8 Germiest Public Places

8 germiest public places

Published June 14, 2013

Prevention Magazine

An average adult can touch as many as 30 objects within a minute, including  germ-harboring, high-traffic surfaces such as light switches, doorknobs, phone  receivers, and remote controls. At home, you do all that you can to keep the  germs at bay. But what happens when you step out the door to go to dinner, do  some grocery shopping, or visit the doctor’s office? It’s not pretty.

Here’s where germs are most likely to lurk—and how you can limit your  exposure.

Restaurant menus

Have you ever seen anyone wash off a menu? Probably not. A study in the  Journal of Medical Virology reported that cold and flu viruses can survive for  18 hours on hard surfaces. If it’s a popular restaurant, hundreds of people  could be handling the menus—and passing their germs on to you. Never let a menu  touch your plate or silverware, and wash your hands after you place your  order.

Related: How To Prevent Getting Sick When You Travel

Lemon wedges

According to a 2007 study in the Journal of Environmental Health, nearly 70  percent of the lemon wedges perched on the rims of restaurant glasses contain  disease-causing microbes. When the researchers ordered drinks at 21 different  restaurants, they found 25 different microorganisms lingering on the 76 lemons  that they secured, including E. coli and other fecal bacteria. Tell your server  that you’d prefer your beverage sans fruit. Why risk it? (You might want to skip  the diet soda while you’re at it; learn about 7 gross side effects of diet  soda.)

Condiment dispensers

It’s the rare eatery that regularly bleaches its condiment containers. And  the reality is that many people don’t wash their hands before eating, said Kelly  Reynolds, an associate professor in the community, environment and policy  division of the University of Arizona’s Mel and Enid Zuckerman College of Public  Health. So while you may be diligent, the guy who poured the ketchup before you  may not have been, which means his germs are now on your fries. Squirt hand  sanitizer on the outside of the condiment bottle or use a disinfectant wipe  before you grab it. Holding the bottle with a napkin won’t help; napkins are  porous, so microorganisms can pass right through, Reynolds said.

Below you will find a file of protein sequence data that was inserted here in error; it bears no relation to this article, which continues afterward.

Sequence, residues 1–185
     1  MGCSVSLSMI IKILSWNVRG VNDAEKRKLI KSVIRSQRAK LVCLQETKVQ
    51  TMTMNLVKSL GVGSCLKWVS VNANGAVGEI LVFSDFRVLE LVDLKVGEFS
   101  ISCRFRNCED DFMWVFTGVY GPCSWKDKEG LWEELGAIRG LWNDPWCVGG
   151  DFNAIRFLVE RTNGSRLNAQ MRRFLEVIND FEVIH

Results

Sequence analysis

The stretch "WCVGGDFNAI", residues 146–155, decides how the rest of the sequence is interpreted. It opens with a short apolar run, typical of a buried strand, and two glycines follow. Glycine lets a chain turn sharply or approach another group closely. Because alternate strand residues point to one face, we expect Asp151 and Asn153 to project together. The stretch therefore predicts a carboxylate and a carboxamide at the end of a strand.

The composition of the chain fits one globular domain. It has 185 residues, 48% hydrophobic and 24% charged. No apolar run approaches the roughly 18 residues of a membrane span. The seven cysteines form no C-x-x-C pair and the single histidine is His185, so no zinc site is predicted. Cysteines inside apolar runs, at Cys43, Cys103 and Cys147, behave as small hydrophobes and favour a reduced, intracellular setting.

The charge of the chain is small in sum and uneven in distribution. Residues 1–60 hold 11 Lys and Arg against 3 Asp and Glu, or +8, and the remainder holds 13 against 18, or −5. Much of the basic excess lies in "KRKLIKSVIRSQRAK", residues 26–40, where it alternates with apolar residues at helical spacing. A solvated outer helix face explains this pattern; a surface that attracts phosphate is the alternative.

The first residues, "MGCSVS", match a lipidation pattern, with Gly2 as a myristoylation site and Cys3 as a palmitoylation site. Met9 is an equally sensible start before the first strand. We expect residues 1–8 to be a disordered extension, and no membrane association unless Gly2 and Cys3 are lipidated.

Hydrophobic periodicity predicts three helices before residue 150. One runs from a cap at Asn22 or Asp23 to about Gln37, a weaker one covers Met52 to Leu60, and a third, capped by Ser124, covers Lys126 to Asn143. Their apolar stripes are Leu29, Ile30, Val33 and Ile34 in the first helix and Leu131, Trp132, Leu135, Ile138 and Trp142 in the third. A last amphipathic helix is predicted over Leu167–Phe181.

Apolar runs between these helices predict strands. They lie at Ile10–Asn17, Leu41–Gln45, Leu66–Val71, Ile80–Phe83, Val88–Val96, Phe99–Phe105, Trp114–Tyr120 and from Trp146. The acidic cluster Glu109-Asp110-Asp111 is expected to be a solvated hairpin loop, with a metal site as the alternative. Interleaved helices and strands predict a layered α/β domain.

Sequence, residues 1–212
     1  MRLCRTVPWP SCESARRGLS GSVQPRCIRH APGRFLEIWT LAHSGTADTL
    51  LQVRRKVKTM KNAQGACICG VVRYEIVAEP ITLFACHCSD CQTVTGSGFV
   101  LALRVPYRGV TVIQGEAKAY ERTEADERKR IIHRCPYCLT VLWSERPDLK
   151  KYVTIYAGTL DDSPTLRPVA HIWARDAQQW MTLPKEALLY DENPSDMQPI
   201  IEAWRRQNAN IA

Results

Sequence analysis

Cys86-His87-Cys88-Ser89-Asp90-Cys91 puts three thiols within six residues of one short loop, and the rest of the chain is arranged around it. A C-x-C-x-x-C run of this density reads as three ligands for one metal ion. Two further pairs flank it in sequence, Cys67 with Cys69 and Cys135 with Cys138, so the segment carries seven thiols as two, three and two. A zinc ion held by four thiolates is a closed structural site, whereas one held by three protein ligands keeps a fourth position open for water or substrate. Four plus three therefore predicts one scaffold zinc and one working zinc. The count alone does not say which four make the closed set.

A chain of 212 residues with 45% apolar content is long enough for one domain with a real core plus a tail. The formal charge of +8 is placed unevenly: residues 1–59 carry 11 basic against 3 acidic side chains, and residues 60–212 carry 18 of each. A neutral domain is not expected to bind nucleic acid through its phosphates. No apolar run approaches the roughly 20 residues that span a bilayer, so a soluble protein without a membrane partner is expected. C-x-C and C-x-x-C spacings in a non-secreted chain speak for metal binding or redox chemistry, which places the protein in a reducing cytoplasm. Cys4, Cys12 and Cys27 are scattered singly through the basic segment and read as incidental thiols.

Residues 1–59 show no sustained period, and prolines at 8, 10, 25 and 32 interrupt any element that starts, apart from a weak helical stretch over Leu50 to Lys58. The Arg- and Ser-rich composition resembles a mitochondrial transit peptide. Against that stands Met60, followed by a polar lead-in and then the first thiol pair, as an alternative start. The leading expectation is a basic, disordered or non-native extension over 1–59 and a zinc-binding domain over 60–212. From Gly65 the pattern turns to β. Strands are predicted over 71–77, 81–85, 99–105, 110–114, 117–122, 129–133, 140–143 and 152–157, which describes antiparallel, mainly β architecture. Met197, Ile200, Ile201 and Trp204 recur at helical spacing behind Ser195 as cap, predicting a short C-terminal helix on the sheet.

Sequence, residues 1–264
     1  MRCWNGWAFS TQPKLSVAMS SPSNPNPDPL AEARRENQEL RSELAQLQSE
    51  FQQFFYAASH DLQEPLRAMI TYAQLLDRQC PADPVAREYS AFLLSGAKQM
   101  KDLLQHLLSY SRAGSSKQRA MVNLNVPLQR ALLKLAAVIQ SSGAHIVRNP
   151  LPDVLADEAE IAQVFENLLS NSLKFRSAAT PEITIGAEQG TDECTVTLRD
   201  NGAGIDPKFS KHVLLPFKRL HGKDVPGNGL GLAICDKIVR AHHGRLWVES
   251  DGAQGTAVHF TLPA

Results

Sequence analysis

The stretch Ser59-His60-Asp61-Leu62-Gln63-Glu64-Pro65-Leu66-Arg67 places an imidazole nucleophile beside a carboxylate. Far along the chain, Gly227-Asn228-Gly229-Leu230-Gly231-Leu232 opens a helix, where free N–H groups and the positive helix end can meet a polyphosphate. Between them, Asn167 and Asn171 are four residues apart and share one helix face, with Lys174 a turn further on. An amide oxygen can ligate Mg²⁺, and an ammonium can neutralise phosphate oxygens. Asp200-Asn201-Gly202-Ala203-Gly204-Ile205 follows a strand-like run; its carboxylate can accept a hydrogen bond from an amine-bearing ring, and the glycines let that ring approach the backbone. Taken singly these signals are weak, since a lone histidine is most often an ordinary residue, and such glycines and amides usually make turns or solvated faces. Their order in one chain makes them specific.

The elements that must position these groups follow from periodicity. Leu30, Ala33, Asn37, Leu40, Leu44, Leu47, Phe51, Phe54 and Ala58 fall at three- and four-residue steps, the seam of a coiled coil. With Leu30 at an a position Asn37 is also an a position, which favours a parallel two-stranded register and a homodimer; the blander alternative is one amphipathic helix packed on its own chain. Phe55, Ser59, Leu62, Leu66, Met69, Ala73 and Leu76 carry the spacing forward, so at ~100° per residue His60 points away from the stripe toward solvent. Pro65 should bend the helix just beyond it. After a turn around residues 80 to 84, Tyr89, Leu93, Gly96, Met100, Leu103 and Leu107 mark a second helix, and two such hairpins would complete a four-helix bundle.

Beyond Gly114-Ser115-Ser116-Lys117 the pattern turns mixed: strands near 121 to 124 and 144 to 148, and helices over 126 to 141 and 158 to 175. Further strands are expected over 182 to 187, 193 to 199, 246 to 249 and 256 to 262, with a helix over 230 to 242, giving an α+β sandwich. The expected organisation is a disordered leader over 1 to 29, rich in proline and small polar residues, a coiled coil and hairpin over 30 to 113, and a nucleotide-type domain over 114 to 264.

Related: Is Your Kitchen Making You Sick?

Restroom door handles

Don’t think you can escape the restroom without touching the door handle?  Palm a spare paper towel after you wash up and use it to grasp the handle. Yes,  other patrons may think you’re a germ-phobe—but you’ll never see them again, and  you’re the one who won’t get sick.

Soap dispensers

About 25 percent of public restroom dispensers are contaminated with fecal  bacteria. Soap that harbors bacteria may seem ironic, but that’s exactly what a  recent study found. “Most of these containers are never cleaned, so bacteria  grow as the soap scum builds up,” said Charles Gerba, an adjunct professor in  the division of environmental health at the University of Arizona, Tucson. “And  the bottoms are touched by dirty hands, so there’s a continuous culture feeding  millions of bacteria.” Be sure to scrub hands thoroughly with plenty of hot  water for 15 to 20 seconds—and if you happen to have an alcohol-based hand  sanitizer, use that, too. (Prefer a more natural route? Check out this DIY  natural, effective hand sanitizer.)

Grocery carts

The handles of almost two-thirds of the shopping carts tested in a 2007 study  at the University of Arizona were contaminated with fecal bacteria. In fact, the  bacterial counts of the carts exceeded those of the average public restroom.  Swab the handle with a disinfectant wipe before grabbing hold (stores are  starting to provide them, so look around for a dispenser). And while you’re  wheeling around the supermarket, skip the free food samples, which are nothing  more than communal hand-to-germ-to-mouth zones.

Airplane bathrooms

When Gerba tested for microbes in the bathrooms of commercial jets, he found  surfaces from faucets to doorknobs to be contaminated with E. coli. It’s not  surprising, then, that you’re 100 times more likely to catch a cold when you’re  airborne, according to a recent study in the Journal of Environmental Health  Research. To protect yourself, try taking green tea supplements. In a 2007  study from the University of Florida, people who took a 450-milligram green tea  supplement twice a day for 3 months had one-third fewer days of cold symptoms.  (See what other supplements you need with the 100 Best Supplements For  Women).

Doctor’s office

A doctor’s office is not the place to be if you’re trying to avoid germs.  These tips can help limit your exposure.

1. Take your own books and magazines (and kid’s toys, if you have your  children or grandchildren with you).

2. Pack your own tissues and hand sanitizers, which should be at least 60  percent alcohol content.

3. In the waiting room, leave at least two chairs between you and the other  patients to reduce your chances of picking up their bugs. Germ droplets from  coughing and sneezing can travel about 3 feet before falling to the  floor.

 

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Published in: on June 15, 2013 at 9:15 pm  Leave a Comment  

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